Points North: So What Color Is Monkey Puke?

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 In fishing, nothing lasts forever. Even the best fishing rods break. Reels wear out. Lines snap. And favorite fishing lures are eventually lost.

 
While my rods and reels are presently intact—including some I’ve used for decades—my collection of tried-and-true Lake Superior lures is down by two after a recent morning on the water. The first was a glow-in-the-dark spoon that hooked up when the downrigger to which it was attached started bouncing on the bottom 50 feet beneath us. The second was a Rebel FasTrac left in the mouth of what was likely a rambunctious steelhead.
 
Both losses could be chalked up to operator error. I was out with a newbie and the lost lures were part of the learning curve as we choreographed our trolling routine. But leaving a couple of lures in Davy Jones’s Tackle Box was painful nonetheless. You can replace a broken fishing rod or reel by buying another. But purchasing a replacement fishing lure doesn’t guarantee you are buying the luck that came with the original.
 
Maybe it’s just superstition, but I believe some lures are luckier than others. Two identical spoons may appear the same to you and me, but often one will vastly outperform the other when it comes to catching fish. Obviously, the fish can see a difference that we cannot, perhaps in the way the spoon moves through the water.
 
Nearly, every summer, I happen upon one or two exceptionally hot trolling lures. No matter how many lures you are dragging behind the boat, the majority of fish will be taken on the “hot” one. I don’t know what makes a particular lure work so well, but I never argue with success.
 
Unfortunately, when you lose a hot one, it can be difficult to replace. During the ‘90s, I had a small Laker Taker spoon that accounted for the demise of dozens of trout and salmon. One day, while fishing in a friend’s boat, I suggested we give it a try. The spoon promptly drew a hard strike, which was when we discovered my friend was using old and weak fishing line. My lucky spoon was gone. For more than a decade I’ve tried to replace it, but haven’t found a Laker Taker of the same size and color, much less the luck, of the original.
 
Another favorite spoon is still in my box, but is so worn from catching fish the original color pattern—purple with pink polka dots--is badly chipped and faded. Once again, while the brand is still widely available along the North Shore, I’ve never seen that particular color pattern. However, the search continues.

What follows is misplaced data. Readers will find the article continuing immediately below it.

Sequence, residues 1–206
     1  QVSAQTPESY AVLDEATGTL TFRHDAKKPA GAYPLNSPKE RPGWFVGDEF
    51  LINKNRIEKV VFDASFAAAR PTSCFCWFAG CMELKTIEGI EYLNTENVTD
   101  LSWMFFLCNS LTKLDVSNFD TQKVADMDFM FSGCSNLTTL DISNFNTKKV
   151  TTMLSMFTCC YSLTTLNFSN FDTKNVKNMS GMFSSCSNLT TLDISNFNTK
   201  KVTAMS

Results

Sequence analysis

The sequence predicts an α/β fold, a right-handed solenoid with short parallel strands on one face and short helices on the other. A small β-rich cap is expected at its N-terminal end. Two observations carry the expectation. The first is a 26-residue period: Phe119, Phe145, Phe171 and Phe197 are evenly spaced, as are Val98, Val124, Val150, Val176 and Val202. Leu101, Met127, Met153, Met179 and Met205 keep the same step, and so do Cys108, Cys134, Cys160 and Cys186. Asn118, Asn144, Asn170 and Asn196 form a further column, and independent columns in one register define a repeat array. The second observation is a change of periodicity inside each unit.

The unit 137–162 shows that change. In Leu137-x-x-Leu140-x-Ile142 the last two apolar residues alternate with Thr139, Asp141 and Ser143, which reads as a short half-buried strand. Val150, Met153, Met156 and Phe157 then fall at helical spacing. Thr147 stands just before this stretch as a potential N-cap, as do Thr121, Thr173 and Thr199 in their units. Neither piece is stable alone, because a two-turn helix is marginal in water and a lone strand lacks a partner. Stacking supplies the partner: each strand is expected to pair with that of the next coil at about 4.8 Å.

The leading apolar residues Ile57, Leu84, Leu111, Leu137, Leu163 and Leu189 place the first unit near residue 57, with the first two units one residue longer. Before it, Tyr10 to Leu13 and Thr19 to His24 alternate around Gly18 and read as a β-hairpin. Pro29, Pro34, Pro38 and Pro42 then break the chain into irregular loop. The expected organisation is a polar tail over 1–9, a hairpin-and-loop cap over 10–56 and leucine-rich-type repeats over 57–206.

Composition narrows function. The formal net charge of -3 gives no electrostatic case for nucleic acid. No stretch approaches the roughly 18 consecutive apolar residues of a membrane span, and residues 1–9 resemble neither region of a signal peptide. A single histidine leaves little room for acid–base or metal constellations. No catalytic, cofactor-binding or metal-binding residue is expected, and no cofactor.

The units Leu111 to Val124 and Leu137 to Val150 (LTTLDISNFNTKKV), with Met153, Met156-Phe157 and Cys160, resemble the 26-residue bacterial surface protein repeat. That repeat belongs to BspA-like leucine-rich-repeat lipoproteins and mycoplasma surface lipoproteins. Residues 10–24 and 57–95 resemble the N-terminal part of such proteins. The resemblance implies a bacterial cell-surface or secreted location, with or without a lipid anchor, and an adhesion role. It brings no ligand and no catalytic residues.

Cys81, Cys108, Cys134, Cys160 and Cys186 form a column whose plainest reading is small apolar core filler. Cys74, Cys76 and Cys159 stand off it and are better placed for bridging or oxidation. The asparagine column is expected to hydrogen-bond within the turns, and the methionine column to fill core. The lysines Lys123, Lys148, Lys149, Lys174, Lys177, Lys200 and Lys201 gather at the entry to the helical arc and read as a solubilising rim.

Some lures are easy to replace, but you still don’t want to lose the lucky original. A case in point is a jointed orange floating Rapala that’s followed my boat for years. The other day I pulled it out, thought about the Coho salmon it hooked over the years, and clipped it on a line. Not long afterward, I had the lure in hand once more as I unhooked a sleek Coho.
 
Over the years, orange has been a consistently productive color for me along the North Shore. For awhile, I was enamored with purple, due in part to my luck with a favorite spoon, as well as with a purple Apex pulled behind a small silver flasher that was death on Chinooks for a couple of seasons. Over time, I’ve found not all shades of purple have equal fish-attracting appeal. More consistent is a glow-in-the-dark finish used with other colors, including purple. Silver is good sometimes, as are hot pink and chartreuse.
 
Many lures in my box combine two or more colors in elaborate patterns. Great Lakes lures are often a kaleidoscope of colors with imaginative, if not descriptive, names. For instance, what color, specifically, is monkey puke? Or ‘57 Chevy, Wonder Bread, Aneurysm or Tammy Fae? And what attracts fish to any of the above?
 

Since none of us air-breathing anglers can think like a fish, we cannot know why some colors and lures work better than others. In fact, about all we really know for certain is what works for us and what doesn’t. And that’s why we have favorite lures. Now there are some, usually outdoor writers, who will tell you having faith in a favorite lure will lead you to rely on it even when it isn’t working and will hinder you from experimenting with other lures or techniques. While there is some truth to this assertion, most anglers start trying different things when they aren’t catching fish. And if you favorite is producing, why argue with success? And by the way, if you are like me and a little secretive about your fishing, you don’t have to reveal your pet lure. If someone asks you what the fish are biting on, just tell them “monkey puke.” It works every time.

Airdate: July 22, 2010

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